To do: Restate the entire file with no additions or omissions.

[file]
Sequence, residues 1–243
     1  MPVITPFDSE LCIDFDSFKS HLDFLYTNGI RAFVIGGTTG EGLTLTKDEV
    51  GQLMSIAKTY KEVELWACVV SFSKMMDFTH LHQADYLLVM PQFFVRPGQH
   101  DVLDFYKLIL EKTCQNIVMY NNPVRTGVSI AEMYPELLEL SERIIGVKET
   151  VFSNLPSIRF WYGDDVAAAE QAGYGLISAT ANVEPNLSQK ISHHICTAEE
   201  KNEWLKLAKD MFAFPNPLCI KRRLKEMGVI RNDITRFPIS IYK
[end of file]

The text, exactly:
Sequence, residues 1–243
     1  MPVITPFDSE LCIDFDSFKS HLDFLYTNGI RAFVIGGTTG EGLTLTKDEV
    51  GQLMSIAKTY KEVELWACVV SFSKMMDFTH LHQADYLLVM PQFFVRPGQH
   101  DVLDFYKLIL EKTCQNIVMY NNPVRTGVSI AEMYPELLEL SERIIGVKET
   151  VFSNLPSIRF WYGDDVAAAE QAGYGLISAT ANVEPNLSQK ISHHICTAEE
   201  KNEWLKLAKD MFAFPNPLCI KRRLKEMGVI RNDITRFPIS IYK